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I'm coming from PHP frameworks, and one thing I like about them is that routing is sort of taken care of for me: I can drop all of my controllers in the directory controllers and it will automatically call Posts::delete(12) when a user visits http://www.example.com/posts/delete/12. I realize that I can use Routes with CherryPy, but I'm kind of annoyed with how limited the documentation is— there's nothing on how I should format my class name (should I call it PostsController()? does it even care?), using routes.mapper.connect() vs routes.connect(), and what happens when it calls the default route (/:controller/:action/:id).

I'd really like to use Python, but I don't want to have to define every single route. Could someone point me to a Python web-framework newb tutorial on how to use Routes or just explain how one goes about structuring a CherryPy web-app so that I can have a couple of Routes laid out like

d = cherrypy.dispatch.RoutesDispatcher()
d.mapper.connect('main', '/:controller/:action', controller='root', action='index')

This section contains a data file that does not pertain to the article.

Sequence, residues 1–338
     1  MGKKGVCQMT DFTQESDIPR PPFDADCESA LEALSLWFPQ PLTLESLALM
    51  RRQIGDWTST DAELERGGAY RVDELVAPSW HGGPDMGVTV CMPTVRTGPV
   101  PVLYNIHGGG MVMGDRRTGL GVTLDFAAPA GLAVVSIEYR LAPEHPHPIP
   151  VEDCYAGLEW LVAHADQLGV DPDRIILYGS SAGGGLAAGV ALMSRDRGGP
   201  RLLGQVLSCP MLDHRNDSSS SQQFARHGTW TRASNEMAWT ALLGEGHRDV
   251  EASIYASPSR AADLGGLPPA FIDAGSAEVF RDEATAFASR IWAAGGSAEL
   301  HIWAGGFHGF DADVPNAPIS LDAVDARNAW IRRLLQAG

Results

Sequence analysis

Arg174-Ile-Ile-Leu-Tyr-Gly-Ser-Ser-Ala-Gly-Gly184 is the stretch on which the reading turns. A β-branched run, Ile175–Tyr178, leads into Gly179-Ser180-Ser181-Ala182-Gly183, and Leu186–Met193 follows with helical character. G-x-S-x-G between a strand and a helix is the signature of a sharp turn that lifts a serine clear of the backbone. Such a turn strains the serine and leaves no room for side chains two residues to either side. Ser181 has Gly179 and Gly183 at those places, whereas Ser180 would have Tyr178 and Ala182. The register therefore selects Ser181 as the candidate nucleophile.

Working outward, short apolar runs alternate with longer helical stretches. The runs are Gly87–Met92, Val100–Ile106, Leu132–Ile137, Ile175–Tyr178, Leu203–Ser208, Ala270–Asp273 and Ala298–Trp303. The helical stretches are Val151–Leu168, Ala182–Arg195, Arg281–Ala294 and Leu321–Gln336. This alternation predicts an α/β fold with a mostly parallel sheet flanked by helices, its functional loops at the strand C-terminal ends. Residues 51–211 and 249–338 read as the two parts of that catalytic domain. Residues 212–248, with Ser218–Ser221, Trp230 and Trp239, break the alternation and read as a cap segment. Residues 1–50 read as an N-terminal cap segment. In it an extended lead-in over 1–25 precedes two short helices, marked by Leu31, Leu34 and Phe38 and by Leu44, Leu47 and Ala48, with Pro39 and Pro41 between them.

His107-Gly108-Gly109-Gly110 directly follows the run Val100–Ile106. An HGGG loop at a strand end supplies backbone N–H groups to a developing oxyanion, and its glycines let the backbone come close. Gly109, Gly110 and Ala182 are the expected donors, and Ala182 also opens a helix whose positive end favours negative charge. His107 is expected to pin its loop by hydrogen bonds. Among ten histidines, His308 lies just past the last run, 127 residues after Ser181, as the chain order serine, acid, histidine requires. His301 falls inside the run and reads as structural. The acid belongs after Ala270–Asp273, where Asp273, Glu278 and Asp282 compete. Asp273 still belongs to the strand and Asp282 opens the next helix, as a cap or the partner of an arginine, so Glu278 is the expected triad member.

d.mapper.connect('main', '/:controller/:action/:id', controller='root', action='index')

and it will handle it for me? Thanks.

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1 Answer 1

up vote 1 down vote accepted

Simple way is to use cherrypy.tree.mount to mount a controller object. The structure of the controller will give you your basic routes.

For example:

import cherrypy

class AppRoot:
    def index(self):
        return "App root's index"
    index.exposed = True

    controller1 = Controller1Class()
    # controller2 = Controller2Class(), etc.

class Controller1Class:

     def index(self):
         return "Controller 1's index"
     index.exposed = True

     def action1(self, id):
         return "You passed %s to controller1's action1" % id      
     action1.exposed = True

     # def action2(self, id): etc...

# ... the rest of the config stuff ...

cherrypy.tree.mount(AppRoot(), '/')  

# ... the rest of the startup stuff....

Calling the following URIs will call the following methods:

See also:

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